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Corneocare and Comfort Science
By: Katerina Steventon, PhD, FaceWorkshops
Posted: October 8, 2013, from the October 2013 issue of Cosmetics & Toiletries.
Recent market research demonstrates that consumers often consider moisturizing benefits more important than anti-aging benefits.1 Rawlings and Voegeli have suggested that the tight sensation of dry skin might, in fact, be of greater concern than visible wrinkles; therefore, sensation might be more important than appearance.2 Surveys in Japan, the United States and France have also shown that as much as 40% of the female population perceives itself to have an issue with dry skin, and current moisturizing technologies do not meet the needs of these consumers.3
Delayed desquamation and the accumulation of corneocytes on the surface of the stratum corneum (SC) leads to dry skin. Rawlings and Voegeli therefore postulate that the future of moisturizers lies in controlling desquamation.2 In relation, at the Skin Forum 2013 event in London, these authors introduced the seven pillars of “corneocare,” targeting: the epidermal tissue at the molecular, cellular and structural level; epidermal function; tactile experience; appearance and sensation. This is one of the first concepts in personal care to close the gap between consumer perception and a scientific approach.
The concept of corneocare also was highlighted by DSM at the 2013 in-cosmetics Paris, where the company focused on “comfort science”—a holistic approach to epidermal skin sensation,4 connecting a youthful appearance to a healthy, functioning epidermis. This brings a different dimension to the SC by recognizing it as an interface for imparting visual and tactile sensory signal processing.5, 6 Rawlings presented on this subject as well, speaking as the Society of Cosmetic Scientists’ Medal Lecturer on Mar. 7, 2013, in London. Here, he focused on enhancing epidermal sensation by building a strong barrier function.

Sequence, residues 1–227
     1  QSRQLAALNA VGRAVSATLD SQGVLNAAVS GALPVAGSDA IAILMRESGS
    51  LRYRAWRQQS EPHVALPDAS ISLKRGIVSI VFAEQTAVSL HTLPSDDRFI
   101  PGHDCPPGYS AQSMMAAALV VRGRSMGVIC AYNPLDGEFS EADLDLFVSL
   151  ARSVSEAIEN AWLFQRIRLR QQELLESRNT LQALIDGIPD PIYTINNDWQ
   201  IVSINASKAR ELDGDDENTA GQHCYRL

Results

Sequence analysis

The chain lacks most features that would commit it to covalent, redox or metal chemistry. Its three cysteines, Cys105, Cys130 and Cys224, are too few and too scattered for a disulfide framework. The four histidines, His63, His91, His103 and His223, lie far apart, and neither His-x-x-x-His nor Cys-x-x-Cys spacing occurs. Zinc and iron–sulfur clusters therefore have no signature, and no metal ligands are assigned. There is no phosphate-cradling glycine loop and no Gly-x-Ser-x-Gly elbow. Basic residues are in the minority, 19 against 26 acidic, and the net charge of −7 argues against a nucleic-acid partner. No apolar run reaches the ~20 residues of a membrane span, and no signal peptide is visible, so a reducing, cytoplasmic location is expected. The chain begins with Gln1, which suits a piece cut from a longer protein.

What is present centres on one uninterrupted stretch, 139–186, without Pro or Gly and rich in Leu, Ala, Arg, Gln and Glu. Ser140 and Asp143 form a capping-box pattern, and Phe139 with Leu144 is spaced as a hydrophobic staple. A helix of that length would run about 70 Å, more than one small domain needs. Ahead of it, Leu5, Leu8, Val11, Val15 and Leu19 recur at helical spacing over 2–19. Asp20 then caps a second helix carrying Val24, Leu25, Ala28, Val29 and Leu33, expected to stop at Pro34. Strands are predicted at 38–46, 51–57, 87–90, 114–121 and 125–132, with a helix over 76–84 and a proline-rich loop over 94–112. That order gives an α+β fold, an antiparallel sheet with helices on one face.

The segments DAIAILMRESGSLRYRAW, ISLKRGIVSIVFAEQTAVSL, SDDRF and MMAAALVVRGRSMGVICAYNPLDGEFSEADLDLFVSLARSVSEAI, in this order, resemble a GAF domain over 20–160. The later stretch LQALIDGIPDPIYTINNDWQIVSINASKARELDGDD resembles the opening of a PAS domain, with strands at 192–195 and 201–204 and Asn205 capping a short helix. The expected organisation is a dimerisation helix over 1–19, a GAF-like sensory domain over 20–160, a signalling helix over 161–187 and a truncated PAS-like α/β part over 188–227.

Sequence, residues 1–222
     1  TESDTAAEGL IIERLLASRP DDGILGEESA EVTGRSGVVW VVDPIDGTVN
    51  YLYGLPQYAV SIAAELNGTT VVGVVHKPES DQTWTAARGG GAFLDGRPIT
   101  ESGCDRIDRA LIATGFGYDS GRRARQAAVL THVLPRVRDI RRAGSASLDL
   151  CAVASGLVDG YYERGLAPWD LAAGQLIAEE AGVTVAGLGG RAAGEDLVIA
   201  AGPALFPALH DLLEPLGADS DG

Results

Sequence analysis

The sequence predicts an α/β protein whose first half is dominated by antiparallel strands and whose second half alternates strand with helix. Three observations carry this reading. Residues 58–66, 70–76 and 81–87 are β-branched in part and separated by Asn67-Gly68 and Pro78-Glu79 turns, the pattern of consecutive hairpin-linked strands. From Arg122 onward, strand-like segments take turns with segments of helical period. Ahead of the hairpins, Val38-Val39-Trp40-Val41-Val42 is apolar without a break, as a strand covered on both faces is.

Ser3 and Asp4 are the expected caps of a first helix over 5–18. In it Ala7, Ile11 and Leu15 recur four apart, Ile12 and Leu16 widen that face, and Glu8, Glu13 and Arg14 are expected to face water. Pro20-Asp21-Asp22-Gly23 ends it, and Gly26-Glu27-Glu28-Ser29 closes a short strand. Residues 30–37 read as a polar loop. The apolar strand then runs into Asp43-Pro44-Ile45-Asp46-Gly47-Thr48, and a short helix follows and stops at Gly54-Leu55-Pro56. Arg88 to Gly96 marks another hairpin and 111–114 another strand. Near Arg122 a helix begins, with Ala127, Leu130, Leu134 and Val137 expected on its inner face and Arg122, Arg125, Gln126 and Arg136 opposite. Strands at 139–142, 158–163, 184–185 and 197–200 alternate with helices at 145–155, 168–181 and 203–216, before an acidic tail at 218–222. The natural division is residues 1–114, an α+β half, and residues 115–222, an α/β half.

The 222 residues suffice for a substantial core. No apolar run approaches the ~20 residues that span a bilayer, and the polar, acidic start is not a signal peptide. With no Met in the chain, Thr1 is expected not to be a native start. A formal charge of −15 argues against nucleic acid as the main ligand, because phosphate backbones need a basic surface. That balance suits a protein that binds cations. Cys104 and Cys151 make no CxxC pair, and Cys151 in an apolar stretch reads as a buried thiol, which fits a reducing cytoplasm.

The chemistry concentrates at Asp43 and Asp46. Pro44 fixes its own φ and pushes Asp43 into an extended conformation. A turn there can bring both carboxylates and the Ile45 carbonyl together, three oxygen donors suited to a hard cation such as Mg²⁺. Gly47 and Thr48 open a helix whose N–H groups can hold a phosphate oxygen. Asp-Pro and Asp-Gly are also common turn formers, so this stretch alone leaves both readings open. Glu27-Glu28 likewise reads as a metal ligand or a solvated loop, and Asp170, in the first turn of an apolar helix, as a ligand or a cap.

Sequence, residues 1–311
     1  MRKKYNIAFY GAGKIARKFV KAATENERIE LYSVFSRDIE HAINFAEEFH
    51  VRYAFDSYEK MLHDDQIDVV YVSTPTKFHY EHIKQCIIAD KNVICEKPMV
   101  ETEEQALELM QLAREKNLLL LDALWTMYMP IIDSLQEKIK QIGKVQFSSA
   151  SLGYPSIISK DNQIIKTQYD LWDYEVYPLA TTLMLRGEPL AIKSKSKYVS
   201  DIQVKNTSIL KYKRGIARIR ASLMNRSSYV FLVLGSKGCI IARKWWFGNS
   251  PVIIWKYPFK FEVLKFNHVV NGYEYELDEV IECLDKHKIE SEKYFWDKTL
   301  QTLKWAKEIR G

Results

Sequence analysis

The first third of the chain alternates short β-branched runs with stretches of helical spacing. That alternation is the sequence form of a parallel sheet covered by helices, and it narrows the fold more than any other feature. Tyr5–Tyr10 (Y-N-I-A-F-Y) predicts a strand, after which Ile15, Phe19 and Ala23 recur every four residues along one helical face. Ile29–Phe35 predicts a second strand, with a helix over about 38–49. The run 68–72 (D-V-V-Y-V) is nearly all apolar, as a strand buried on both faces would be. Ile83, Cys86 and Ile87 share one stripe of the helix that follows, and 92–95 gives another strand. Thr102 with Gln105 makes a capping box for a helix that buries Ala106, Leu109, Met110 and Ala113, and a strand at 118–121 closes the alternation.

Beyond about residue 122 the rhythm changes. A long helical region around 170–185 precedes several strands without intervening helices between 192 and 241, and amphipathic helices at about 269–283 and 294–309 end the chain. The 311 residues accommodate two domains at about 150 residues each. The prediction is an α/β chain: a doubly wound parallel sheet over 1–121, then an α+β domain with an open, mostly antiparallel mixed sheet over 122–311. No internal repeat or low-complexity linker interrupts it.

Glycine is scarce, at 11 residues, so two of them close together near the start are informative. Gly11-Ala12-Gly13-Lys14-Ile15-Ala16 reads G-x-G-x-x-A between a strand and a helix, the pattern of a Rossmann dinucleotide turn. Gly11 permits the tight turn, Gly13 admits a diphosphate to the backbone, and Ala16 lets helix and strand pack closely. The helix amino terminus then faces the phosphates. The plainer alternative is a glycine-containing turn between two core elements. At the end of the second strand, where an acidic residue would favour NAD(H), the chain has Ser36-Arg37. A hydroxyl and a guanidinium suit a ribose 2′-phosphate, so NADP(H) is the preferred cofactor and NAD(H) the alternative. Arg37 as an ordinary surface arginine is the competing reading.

Corneobiology is the basis for corneocare and corneotherapy. It was inaugurated as a new cutaneous discipline back in 1964, yet scientific findings of the SC’s diverse functions (see Stratum Corneum Functions) are still evolving.7 This discipline includes a broad range of research areas such as the anatomy, physiology and biology of the SC, but also encompasses immunology, endocrinology, neurobiology and psychology—i.e., a whole network of complex interactions. Albert Kligman, considered by many as the father of corneobiology, played an influential role in understanding these multiple functions.7 Prior to Kligman, the SC was thought to be an impermeable barrier, sealing the body from the outside world; but the SC is no longer considered a passive, inert, metabolically lifeless membrane: It is understood to be very much alive.8
The scientific basis of corneobiology has been further strengthened by the development of non-invasive methods to allow repeated, sequential observations of the same skin site without damaging the tissue. This field has attracted the attention of scientists from a range of disciplines, including molecular biologists, anatomists, physiologists, pharmacologists, geneticists and psychologists. In fact, scientific contributors stem from both industry and academia.9 Rawlings, for one, is well-respected for his comprehensive work on the biology of moisturization and functional skin care for dry skin conditions.10, 11